Pandemic brings heightened attention to broadband infrastructure

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Presidential hopeful Joe Biden plans to invest $20 billion in rural broadband infrastructure.

The coronavirus pandemic could serve as a catalyst for broadband infrastructure as many people work from home to stop the spread of the illness.

At The Bond Buyer California Public Finance Conference Wednesday, infrastructure experts said the effects of COVID-19 on people needing to work at home and the implementation of online learning could bring more attention to broadband infrastructure.

“COVID has brought a real catalyst and attention to the deficiencies in our infrastructure so hopefully we’ll get people focused here and we get something done,” said Rick Cosgrove, partner at Chapman and Cutler LLP.

Large segments of the country don’t have internet access, Cosgrove said.

Presidential candidate Joe Biden said he wants to bring broadband to “every American household,” adding that more than 21 million Americans still don’t have broadband. He plans to invest $20 million in rural broadband infrastructure if he takes office in January.

“In a 21st century economy, Americans need broadband,” Biden’s campaign said. “Without it, students face substantial barriers to doing their homework and the sick and elderly can’t access remote health care. Broadband is a prerequisite for starting a business, working remotely, accessing government resources, and engaging in public debate.”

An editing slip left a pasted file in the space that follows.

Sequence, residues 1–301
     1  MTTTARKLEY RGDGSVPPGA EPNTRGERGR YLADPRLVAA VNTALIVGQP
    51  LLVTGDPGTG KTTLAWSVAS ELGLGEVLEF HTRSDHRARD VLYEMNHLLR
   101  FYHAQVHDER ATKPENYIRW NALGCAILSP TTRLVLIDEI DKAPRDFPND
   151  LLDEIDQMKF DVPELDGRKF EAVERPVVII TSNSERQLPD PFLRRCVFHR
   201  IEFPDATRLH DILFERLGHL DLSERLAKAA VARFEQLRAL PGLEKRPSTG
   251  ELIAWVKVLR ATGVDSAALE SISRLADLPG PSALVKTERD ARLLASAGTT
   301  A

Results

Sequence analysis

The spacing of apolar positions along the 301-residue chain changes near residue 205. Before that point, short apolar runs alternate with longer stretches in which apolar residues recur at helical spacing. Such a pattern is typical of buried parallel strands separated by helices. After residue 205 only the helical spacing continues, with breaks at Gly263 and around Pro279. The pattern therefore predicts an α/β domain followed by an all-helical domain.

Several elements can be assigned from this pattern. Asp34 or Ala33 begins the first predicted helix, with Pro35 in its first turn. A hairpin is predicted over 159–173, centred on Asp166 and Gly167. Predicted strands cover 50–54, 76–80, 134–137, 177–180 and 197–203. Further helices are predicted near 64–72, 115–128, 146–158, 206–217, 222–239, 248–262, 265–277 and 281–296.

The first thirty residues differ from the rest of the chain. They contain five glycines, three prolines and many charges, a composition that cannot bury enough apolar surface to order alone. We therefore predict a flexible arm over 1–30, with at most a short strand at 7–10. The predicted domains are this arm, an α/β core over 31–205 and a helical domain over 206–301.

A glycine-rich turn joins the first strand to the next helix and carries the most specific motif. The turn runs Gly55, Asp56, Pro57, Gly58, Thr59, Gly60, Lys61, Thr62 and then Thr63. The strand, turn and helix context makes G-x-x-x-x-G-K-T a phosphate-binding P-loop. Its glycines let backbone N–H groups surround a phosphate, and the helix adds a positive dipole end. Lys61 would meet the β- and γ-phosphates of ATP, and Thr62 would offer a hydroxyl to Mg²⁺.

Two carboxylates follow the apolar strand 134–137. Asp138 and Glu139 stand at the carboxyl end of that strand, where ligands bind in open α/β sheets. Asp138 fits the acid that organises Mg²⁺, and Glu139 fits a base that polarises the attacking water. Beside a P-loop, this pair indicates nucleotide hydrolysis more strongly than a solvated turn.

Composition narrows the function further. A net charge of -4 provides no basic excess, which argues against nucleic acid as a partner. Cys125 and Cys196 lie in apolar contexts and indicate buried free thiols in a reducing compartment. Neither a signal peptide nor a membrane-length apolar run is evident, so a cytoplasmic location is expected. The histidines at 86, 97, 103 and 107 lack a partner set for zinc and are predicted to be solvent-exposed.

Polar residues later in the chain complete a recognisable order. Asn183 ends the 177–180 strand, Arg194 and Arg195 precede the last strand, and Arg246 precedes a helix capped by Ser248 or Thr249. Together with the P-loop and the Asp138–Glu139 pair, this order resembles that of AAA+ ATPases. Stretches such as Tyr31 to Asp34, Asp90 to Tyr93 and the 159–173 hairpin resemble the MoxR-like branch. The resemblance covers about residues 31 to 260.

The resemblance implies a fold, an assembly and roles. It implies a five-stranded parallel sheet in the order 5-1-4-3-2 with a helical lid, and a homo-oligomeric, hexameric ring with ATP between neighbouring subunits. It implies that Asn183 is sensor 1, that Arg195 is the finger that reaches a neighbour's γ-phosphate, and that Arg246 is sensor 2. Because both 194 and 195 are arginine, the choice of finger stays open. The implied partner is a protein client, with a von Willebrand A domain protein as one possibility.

Biden also plans to direct the federal government to support cities and towns that want to build municipally-owned broadband networks, according to his campaign site.

Public-private partnerships could also be a way to fund future broadband projects.

Cosgrove said perhaps the most prominent such example is Kentucky Wired, which was developed in 2015. The Kentucky Economic Development Finance Authority financed the project to install a broadband system by issuing $232 million of tax-exempt revenue bonds and $58 million of taxable revenue bonds. It partnered with KentuckyWired Operations Co. LLC.

Years later, though, that project was riddled with issues such as cost overruns and botched procurements.

Adam Sherman, managing director and head of public and infrastructure finance at SMBC, said there has been some interest in private investment in state programs.

“We’ll see a little bit more activity perhaps in the municipal sector, but it really has not been prominent,” Sherman said.

Small cities and rural areas have the greatest need for broadband infrastructure, Sherman said.

“This is where subsidies and subsidized financing from state and local government issuers can be most beneficial,” he said.

The pandemic has caused huge increases in data usage for businesses, education, as well as social and entertainment, Sherman said.

“The pandemic has really accelerated and redirected the growth of digital capacity,” Sherman said.

The panel on Wednesday also discussed the financial and legal obstacles facing Maryland’s light rail system. The Maryland Department of Transportation assumed contracts from Purple Line Partners this month after the private partner shut down construction of the rail line. Sources have said the project could make investors more hesitant to embrace future transportation P3s.

The P3 project was plagued with $800 million in cost overruns, delays and lawsuits.

“That one can be viewed as an aberrant and maybe lessons learned and not a determinant. The (P3) model absolutely works,” Sherman said.

Cosgrove agreed and said P3s were the best way to get projects done quickly.

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Coronavirus Public-private partnership Infrastructure Washington DC Joe Biden